How is influencer marketing different when you’re targeting businesses as opposed to consumers?
B2B (Business to business) influencer marketing is based on using an expert’s authority to reach, educate, and influence prospects to buy in the long term. This is different from the more entertaining and transactional nature of B2C (business to consumer) influencer marketing. B2B influencers often have smaller audiences, but their impact can be massive.
Let’s take an in-depth look at the top 10 differences between the two.
1. The time frame is different in B2B vs. B2C influencer marketing
B2B buyers research more
As a matter of course, your prospects spend more time analyzing a potential purchase than a consumer would. They are highly educated buyers who will do all they can to educate themselves about what it is that you offer – consulting reviews, educational websites, books, and industry reports. They’ll go to your competitor and compare offers. In short, your product or service will undergo much more scrutiny than it would from consumers in most B2C situations.
According to research, B2B buyers are 57% – 70% through their buying journey before contacting sales. They come to your sales team once they’ve thoroughly prepared – and this obviously takes a lot more time.
Generally, the B2B sales cycle takes at least four months to complete – as opposed to consumers seeing the same message from their favorite creator a few times and clicking ‘add to cart’ immediately.
There are more people involved in the buying decision
And this makes complete sense. In B2B, multiple entities participate in deciding which products and services the company buys. Different stakeholders and different departments in the company will be impacted by the decision. These decision makers are usually dealing with other people’s money, not their own like in B2C buying.
B2B buyers usually wait to get opinions from a number of important people on the team. In that way, it’s completely different from B2C buyers, who mostly just consider their desires, their wallets, and maybe their friends or spouses before following an influencer’s recommendation to buy something.
2. B2B influencer marketing is not as simple as B2C
First off, B2B influencers might be harder for you to work with. Why is that? These people are acclaimed experts.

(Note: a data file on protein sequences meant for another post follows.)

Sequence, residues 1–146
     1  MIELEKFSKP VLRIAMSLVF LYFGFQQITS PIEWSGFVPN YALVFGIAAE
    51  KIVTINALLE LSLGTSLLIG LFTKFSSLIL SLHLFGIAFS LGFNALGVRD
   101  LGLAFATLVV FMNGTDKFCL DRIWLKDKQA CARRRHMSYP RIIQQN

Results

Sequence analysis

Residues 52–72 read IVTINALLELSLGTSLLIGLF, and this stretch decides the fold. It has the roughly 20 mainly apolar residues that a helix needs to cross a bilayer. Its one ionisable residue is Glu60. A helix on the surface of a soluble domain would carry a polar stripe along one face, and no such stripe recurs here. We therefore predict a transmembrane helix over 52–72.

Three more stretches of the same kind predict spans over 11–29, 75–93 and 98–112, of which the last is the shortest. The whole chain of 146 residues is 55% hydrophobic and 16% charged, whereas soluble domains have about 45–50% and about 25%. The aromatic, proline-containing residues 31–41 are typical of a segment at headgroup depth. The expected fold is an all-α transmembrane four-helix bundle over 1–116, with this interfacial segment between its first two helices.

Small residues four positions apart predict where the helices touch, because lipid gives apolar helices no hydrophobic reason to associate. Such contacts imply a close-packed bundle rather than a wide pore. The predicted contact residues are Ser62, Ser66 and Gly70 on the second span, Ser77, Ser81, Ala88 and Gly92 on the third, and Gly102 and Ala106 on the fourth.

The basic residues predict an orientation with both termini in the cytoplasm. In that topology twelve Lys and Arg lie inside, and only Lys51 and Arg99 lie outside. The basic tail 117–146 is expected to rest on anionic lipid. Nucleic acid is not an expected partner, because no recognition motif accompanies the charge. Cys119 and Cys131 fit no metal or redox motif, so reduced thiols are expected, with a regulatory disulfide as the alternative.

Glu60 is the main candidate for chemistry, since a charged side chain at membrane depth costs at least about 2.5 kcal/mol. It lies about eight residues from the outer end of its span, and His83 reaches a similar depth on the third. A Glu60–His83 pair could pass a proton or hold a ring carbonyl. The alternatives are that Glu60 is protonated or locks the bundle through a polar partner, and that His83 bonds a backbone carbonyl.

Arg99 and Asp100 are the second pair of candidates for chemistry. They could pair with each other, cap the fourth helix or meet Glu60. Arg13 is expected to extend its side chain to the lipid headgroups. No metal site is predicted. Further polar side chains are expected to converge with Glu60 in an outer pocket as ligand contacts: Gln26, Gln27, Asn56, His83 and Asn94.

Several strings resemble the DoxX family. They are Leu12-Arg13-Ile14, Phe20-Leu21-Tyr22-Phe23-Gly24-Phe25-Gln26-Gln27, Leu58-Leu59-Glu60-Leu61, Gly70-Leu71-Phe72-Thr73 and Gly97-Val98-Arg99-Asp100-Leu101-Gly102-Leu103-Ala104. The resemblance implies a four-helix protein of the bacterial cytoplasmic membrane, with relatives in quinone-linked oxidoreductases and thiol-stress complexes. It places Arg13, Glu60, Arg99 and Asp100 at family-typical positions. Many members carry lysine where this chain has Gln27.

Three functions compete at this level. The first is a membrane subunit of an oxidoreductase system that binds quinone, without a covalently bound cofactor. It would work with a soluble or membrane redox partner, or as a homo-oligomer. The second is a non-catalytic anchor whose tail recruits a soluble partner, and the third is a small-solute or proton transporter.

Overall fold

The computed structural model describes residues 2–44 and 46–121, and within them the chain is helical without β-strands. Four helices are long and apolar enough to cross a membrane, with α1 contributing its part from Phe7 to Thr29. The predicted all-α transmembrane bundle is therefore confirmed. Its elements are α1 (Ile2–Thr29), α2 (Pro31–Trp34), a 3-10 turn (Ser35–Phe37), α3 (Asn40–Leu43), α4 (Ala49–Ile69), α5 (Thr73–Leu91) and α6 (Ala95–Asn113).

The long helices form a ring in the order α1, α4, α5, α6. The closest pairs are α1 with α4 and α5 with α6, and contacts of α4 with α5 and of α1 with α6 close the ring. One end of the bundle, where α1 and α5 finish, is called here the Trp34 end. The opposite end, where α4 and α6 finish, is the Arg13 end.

They are authorities in their niche, often with degrees and accolades – tech insiders, professors, journalists, and scientists on the cutting edge. They surely don’t want to risk their status by haphazardly promoting some random product or service. It would be highly detrimental for them to be labeled a “sell-out.” So, they might be apprehensive about working with you as an influencer. And rightly so.
For the same reason, they probably don’t have as much experience participating in influencer marketing campaigns – and onboarding them will probably be harder than with your B2C influencers for whom that’s simply business as usual.
This means that your strategy with these influencers will have to be different. It’ll be more oriented towards a high-trust, long-term collaboration instead of a quick one-off campaign – a more complex strategy is needed for B2B influencer marketing.
3. B2B influencer content is not as flashy as B2C content
If you’re used to highly engaging social media content from influencers, some B2B content might seem more bland and boring in comparison. Of course, ideally, B2B posts should be as engaging as possible, too. But it’s just normal that when you’re dealing with numbers, statistics, tactics, and strategies, for example, it simply won’t be as sexy as showing off your latest fashion accessory by making a dance video for social media.
Whereas B2C influencers often seek primarily to entertain their audience, B2B marketing is about educating potential customers and displaying expertise in complex topics – which is less flashy by nature.
A good influencer will be aware of this inherent difference and will try to make their content as engaging as possible while still primarily focusing on providing high amounts of value to the audience and maintaining the professionalism that B2B demands. They’ll be able to strike the right balance.
One way a B2B influencer might do this is by talking about how the different features of your product will help users increase revenue, save time, reduce costs, or mitigate risks – rather than discussing every product feature in isolation.
4. Businesses who use B2B influencers focus more on lead generation – vs a wide range of B2C goals
Whether this is the right strategy or not – the data show that businesses’ main goal with using B2B influencers is generating leads: 80% of brands focus on gaining leads through these campaigns, vs only 20% focusing on gaining brand awareness.
As a reminder, here are the different goals a business can aim to achieve with influencer marketing:
- Improve the visibility of your brand and create awareness
- Gain social media followers and boost engagement
- Generate leads
- Increase traffic to your company website or/and build backlinks
- Conversions, such as email sign-ups
- Improve your brand’s reputation
- Generate revenue and social selling
With B2C influencer marketing, companies choose a multitude of these goals for their campaigns, as opposed to mostly lead generation with B2B.
5. Authority and expertise are even more important in B2B vs B2C influencer marketing
For B2C influencers, there are many ways to gain influence: They can accumulate more followers by consistently entertaining their audience, being very charismatic on camera, and looking classy in their photos.
While some of these things also play a role in B2B influencer marketing, one metric trumps all the others: Strong, real-world expertise in the topic they’re discussing.
A survey from Demand Gen Report showed that 65 percent of B2B buyers said their consumption habits have changed to prefer credible content from industry influencers.